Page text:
@replay_memory[@replay_memory_pointer] = {reward: r, old_input_state: @old_input_state, input_state: input_state}
# Increment memory pointer
@replay_memory_pointer = (@replay_memory_pointer<@replay_memory_size) ? @replay_memory_pointer+1 : 0


Then we check if the memory is full. If it is full we extract a random batch, calculate the update q values and train the network (step 2.e).

  # If replay memory is full train network on a batch of states from the memory
if @replay_memory.length > @replay_memory_size
# Randomly sample a batch of actions from the memory and train network with these actions
@batch = @replay_memory.sample(@replay_batch_size)
training_x_data = []
training_y_data = []

# For each batch calculate new q_value based on current network and reward
@batch.each do |m|
# To get entire q table row of the current state run the network once for every posible action
q_table_row = []
@actions.length.times do |a|
# Create neural network input vector for this action
input_state_action = m[:input_state].clone
# Set a 1 in the action location of the input vector
input_state_action[(@game.map_size_x*@game.map_size_y) + a] = 1
# Run the network for this action and get q table row entry
q_table_row[a] = @q_nn_model.run(input_state_action).first
end

# Update the q value
updated_q_value = m[:reward] + @discount * q_table_row.max

# Add to training set
training_x_data.push(m[:old_input_state])
training_y_data.push([updated_q_value])
end

# Train network with batch
train = RubyFann::TrainData.new( :inputs=> training_x_data, :desired_outputs=>training_y_data );
@q_nn_model.train_on_data(train, 1, 1, 0.01)
end
end

With the network updated we start to think about which action to do next. We first capture the current state of the game in the a network input vector,  then we calculate epsilon based on the current run of the algorithm. The more runs the higher the epsilon meaning the higher probability of choosing the action with the highest reward instead of a random action.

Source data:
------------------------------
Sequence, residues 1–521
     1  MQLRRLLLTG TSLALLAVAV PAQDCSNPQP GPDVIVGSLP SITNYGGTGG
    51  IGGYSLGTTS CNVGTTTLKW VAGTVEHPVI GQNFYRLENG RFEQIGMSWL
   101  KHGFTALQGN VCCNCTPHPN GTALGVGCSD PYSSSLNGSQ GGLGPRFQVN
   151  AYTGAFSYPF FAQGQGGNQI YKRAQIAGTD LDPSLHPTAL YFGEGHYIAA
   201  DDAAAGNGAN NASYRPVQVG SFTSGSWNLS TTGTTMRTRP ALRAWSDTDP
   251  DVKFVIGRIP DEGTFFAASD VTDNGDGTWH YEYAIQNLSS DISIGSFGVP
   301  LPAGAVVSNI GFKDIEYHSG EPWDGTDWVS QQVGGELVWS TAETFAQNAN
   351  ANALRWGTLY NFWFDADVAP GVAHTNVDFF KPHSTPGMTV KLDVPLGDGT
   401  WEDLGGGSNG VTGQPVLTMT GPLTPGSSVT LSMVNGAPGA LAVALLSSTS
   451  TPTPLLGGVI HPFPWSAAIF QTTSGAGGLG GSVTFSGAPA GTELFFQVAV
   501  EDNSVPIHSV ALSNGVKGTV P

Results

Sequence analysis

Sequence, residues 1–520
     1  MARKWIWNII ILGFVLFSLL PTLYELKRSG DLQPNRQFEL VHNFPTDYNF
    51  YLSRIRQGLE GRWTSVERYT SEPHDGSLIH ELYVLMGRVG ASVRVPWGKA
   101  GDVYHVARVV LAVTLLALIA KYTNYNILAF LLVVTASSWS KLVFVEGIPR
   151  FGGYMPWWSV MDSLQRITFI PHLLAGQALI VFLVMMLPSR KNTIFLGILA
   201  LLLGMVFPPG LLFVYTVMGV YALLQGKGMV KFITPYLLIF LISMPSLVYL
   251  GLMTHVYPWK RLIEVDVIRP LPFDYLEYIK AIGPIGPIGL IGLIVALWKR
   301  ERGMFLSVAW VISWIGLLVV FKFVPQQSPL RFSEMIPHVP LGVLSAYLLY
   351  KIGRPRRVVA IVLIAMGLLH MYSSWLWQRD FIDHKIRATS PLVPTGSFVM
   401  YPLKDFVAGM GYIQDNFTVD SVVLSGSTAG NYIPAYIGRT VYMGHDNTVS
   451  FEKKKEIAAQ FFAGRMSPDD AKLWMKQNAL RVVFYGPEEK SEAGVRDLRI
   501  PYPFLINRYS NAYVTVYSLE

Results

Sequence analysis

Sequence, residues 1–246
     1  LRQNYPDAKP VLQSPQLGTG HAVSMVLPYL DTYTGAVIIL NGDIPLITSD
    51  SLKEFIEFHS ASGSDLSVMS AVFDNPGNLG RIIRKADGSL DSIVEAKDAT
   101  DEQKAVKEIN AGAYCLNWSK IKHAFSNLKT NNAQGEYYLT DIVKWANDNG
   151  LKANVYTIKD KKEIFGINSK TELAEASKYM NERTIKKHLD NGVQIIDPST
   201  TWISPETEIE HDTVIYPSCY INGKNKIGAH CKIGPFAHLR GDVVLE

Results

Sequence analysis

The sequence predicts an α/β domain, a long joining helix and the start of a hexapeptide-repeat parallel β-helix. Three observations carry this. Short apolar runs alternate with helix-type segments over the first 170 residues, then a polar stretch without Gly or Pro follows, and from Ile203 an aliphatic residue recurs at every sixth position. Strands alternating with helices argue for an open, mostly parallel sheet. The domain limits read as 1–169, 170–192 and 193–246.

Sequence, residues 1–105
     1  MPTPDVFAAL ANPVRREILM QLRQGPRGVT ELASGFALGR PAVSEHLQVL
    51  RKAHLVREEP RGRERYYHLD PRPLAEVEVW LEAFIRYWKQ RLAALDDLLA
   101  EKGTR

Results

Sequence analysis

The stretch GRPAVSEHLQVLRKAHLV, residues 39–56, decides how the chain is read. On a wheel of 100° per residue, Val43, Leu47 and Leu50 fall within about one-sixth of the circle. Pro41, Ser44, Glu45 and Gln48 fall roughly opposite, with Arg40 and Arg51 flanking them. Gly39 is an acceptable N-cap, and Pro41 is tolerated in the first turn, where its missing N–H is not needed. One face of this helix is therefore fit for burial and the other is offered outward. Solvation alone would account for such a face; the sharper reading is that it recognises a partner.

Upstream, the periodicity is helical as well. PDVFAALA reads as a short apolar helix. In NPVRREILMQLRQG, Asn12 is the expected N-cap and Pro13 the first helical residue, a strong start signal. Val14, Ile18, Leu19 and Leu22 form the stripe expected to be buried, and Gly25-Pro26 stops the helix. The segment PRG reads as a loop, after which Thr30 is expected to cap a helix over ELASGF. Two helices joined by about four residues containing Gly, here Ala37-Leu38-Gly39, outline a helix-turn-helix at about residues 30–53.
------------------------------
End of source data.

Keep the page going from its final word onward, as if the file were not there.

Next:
Next we either pick a random action or run the network for the current state and each action A to determine which action to take based on the network output (step 2.a).

# Capture current state and score
# Set input to network map_size_x * map_size_y vector with a 1 on the player position
input_state = Array.new(@game.map_size_x*@game.map_size_y + @actions.length, 0)
input_state[@x + (@game.map_size_x*@y)] = 1
# Chose action based on Q value estimates for state
# If a random number is higher than epsilon we take a random action
# We will slowly increase @epsilon based on runs to a maximum of @max_epsilon - this encourages early exploration
epsilon_run_factor = (@runs/@epsilon_increase_factor) > (@max_epsilon-@epsilon) ? (@max_epsilon-@epsilon) : (@runs/@epsilon_increase_factor)
if @r.rand > (@epsilon + epsilon_run_factor)
# Select random action
@action_taken_index = @r.rand(@actions.length)
else
# To get the entire q table row of the current state run the network once for every posible action
q_table_row = []
@actions.length.times do |a|
# Create neural network input vector for this action
input_state_action = input_state.clone
# Set a 1 in the action location of the input vector
input_state_action[(@game.map_size_x*@game.map_size_y) + a] = 1
# Run the network for this action and get q table row entry